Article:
What Is An Accident?

Fort Worth lawyers need to be able to answer the above question properly when dealing with a coverage issue in an insurance policy.
Here is what the Texas Supreme Court said in a 1999 case. The style of the case is, MidCentury Insurance Company of Texas v. Lindsey.
Here is some relevant information.
Richard Metzer and his wife had been fishing with their nine-year-old son when the boy returned to Metzer’s pickup parked nearby to retrieve his coveralls. Finding the truck locked, the boy climbed into the bed and attempted to enter the cab through the truck’s sliding rear window, which was open a few inches. In so doing, he accidentally touched a loaded shotgun resting in a gun rack mounted over the rear window, causing the gun to discharge. The buckshot struck Richard Lindsey, who was seated in his mother’s car parked next to the pickup. Lindsey’s wife and mother, also seated in the car, were not struck by the gunshot.
Lindsey and his wife sued Metzer and settled for the $20,000 policy limits on his truck, which were far less than Lindsey’s total damages. The Lindseys then claimed the $50,000 limits of the uninsured/underinsured motorists coverage of his mother’s policy issued by the Mid-Century Insurance Company of Texas, a division of the Farmers Insurance Group. Mid-Century, who had consented to the Lindseys’ settlement with the Metzers, denied the claim on the ground that there had been no physical contact between the two vehicles. The Lindseys then sued Mid-Century for breach of contract, breach of the duty of good faith and fair dealing, breach of warranty, and violations of the Deceptive Trade Practices-Consumer Protection Act and the Insurance Code. The Lindseys and Mid-Century all moved for summary judgment on the contract claim, and the district court granted the Lindseys’ motion and severed the order, making it an appealable judgment.
MidCentury’s policy states:
We will pay damages which a covered person is legally entitled to recover from the owner or operator of an uninsured [or underinsured] motor vehicle because of bodily injury sustained by a covered person, or property damage, caused by an accident.
The owner’s or operator’s liability for these damages must arise out of the ownership, maintenance or use of the uninsured [or underinsured] motor vehicle.

The parties’ sole dispute concerning the applicability of this provision is over whether Lindsey’s injuries were caused by an accident arising out of the use of Metzer’s truck. Taking each of Mid-Century’s arguments in turn, the court considered, first, whether Lindsey’s injuries were “caused by an accident”, and second, whether Metzer’s liability for Lindsey’s injuries “[arose] out of the . . . use” of Metzer’s truck.
Mid-Century’s policy does not define “accident”, but the court has held that an injury is accidental if from the viewpoint of the insured, it is not the natural and probable consequence of the action or occurrence which produced the injury; or in other words, if the injury could not reasonably be anticipated by insured, or would not ordinarily follow from the action or occurrence which caused the injury. An injury caused by voluntary and intentional conduct is not an accident just because the result or injury may have been unexpected, unforeseen and unintended. On the other hand, the mere fact that an actor intended to engage in the conduct that gave rise to the injury does not mean that the injury was not accidental. Rather, both the actor’s intent and the reasonably foreseeable effect of his conduct bear on the determination of whether an occurrence is accidental. An effect that cannot be reasonably anticipated from the use of the means that produced it, an effect which the actor did not intend to produce and which he cannot be charged with the design of producing, is produced by accidental means.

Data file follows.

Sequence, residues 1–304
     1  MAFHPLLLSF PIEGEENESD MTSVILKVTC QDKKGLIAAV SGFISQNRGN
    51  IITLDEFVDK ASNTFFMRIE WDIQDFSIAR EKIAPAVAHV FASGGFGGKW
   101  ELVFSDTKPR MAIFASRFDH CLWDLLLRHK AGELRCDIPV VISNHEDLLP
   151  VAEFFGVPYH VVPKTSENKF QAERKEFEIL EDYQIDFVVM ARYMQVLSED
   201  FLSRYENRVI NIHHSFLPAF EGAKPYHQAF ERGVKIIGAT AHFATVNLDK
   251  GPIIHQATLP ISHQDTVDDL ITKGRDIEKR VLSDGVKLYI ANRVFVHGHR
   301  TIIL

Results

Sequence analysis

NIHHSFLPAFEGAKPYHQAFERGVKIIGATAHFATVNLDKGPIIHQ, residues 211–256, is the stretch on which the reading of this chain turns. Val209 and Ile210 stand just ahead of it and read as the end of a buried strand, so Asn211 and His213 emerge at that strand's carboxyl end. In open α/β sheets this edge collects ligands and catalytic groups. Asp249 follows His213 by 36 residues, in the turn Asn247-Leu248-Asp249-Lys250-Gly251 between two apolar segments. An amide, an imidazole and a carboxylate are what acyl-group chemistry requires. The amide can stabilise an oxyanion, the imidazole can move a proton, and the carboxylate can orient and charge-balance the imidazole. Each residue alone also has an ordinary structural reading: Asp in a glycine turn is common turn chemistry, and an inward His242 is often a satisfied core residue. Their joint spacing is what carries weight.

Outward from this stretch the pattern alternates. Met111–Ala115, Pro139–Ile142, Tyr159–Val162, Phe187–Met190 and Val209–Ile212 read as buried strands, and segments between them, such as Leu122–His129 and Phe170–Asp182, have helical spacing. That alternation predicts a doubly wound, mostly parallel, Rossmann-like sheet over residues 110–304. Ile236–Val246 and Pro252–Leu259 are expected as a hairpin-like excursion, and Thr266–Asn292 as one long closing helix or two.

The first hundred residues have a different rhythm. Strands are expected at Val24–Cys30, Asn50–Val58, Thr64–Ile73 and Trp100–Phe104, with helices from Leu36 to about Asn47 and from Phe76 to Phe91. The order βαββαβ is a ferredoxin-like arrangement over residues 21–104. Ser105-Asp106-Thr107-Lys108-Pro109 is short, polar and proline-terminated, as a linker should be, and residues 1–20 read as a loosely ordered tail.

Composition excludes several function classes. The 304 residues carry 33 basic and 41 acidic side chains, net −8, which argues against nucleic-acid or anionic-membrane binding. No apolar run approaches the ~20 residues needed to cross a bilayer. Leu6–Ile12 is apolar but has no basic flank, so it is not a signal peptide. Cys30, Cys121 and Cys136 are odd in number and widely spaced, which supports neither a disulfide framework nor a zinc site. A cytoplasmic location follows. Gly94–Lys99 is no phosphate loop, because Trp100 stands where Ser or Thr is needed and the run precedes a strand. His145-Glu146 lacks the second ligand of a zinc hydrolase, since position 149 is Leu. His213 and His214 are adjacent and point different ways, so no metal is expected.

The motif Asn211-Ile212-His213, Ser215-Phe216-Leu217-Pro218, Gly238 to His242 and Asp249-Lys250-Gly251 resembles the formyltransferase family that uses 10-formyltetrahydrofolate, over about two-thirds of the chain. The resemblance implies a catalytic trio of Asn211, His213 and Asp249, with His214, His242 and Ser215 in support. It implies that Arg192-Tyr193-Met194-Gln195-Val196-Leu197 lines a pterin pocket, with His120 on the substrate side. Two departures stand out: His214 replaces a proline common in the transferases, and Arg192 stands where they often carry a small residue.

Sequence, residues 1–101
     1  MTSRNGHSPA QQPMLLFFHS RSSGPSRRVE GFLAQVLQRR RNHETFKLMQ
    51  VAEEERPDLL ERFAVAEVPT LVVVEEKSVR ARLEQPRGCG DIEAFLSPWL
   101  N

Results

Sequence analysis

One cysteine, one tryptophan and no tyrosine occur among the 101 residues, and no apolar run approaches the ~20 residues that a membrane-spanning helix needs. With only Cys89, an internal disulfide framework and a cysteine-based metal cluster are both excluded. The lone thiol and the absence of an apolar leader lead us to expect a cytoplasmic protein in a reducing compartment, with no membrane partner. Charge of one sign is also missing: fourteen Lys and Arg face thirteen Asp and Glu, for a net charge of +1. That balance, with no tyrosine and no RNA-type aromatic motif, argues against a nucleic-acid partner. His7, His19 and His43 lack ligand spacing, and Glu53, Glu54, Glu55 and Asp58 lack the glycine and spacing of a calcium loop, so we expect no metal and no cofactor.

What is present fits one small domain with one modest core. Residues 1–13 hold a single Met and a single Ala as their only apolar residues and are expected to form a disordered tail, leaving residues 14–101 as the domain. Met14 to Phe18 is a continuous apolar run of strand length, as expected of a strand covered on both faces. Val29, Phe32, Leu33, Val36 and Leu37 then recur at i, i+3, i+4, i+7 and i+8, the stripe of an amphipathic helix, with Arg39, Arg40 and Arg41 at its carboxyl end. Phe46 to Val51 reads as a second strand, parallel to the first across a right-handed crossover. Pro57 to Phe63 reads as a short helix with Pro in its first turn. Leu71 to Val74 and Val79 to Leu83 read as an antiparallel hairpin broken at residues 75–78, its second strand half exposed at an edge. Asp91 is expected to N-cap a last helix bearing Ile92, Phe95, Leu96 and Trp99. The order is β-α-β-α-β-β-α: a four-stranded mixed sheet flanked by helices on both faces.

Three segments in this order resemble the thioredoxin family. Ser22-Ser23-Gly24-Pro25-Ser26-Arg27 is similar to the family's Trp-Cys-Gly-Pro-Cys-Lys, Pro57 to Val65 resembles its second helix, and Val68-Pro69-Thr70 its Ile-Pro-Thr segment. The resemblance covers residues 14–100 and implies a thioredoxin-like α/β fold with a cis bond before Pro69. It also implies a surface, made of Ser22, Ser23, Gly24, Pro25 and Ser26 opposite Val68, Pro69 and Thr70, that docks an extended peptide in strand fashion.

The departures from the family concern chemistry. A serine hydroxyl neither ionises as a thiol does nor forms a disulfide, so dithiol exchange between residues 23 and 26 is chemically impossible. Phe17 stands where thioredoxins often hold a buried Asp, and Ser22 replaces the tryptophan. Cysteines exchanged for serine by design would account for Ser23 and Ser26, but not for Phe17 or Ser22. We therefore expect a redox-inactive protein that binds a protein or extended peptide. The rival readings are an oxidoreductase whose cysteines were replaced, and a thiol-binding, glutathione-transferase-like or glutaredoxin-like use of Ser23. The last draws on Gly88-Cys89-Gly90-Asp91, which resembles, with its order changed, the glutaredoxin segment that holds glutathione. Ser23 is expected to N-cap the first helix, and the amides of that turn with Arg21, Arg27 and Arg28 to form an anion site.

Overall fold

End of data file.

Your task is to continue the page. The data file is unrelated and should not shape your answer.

Metzer’s son intended only to gain entry to the truck. He did not intend to cause the shotgun to discharge or Lindsey to be injured, nor was it reasonably foreseeable that either consequence would result from the boy’s trying to enter the pickup through the rear window. Metzer’s son was not playing with the gun or acting recklessly. There is no evidence that he even knew it was loaded. His injuring Lindsey was an accident.
Mid-Century argues, however, that by “accident” the policy means “auto accident” or “motor vehicle accident”, as evidenced by the use of the latter phrases throughout the policy. An auto accident, Mid-Century argues, requires a collision. Assuming that “auto accident” is a more restrictive term in the policy than “accident”, and that a fair construction of the policy as a whole requires that the restriction be implied in the uninsured/underinsured motorist provision where it does not appear, the court did not agree that the term excludes the occurrence here.
The court discussed this case at greater length in its’ opinion. What is relevant to this case is knowing that each case has its’ own facts and those facts have to be looked at in light of the insurance policy language.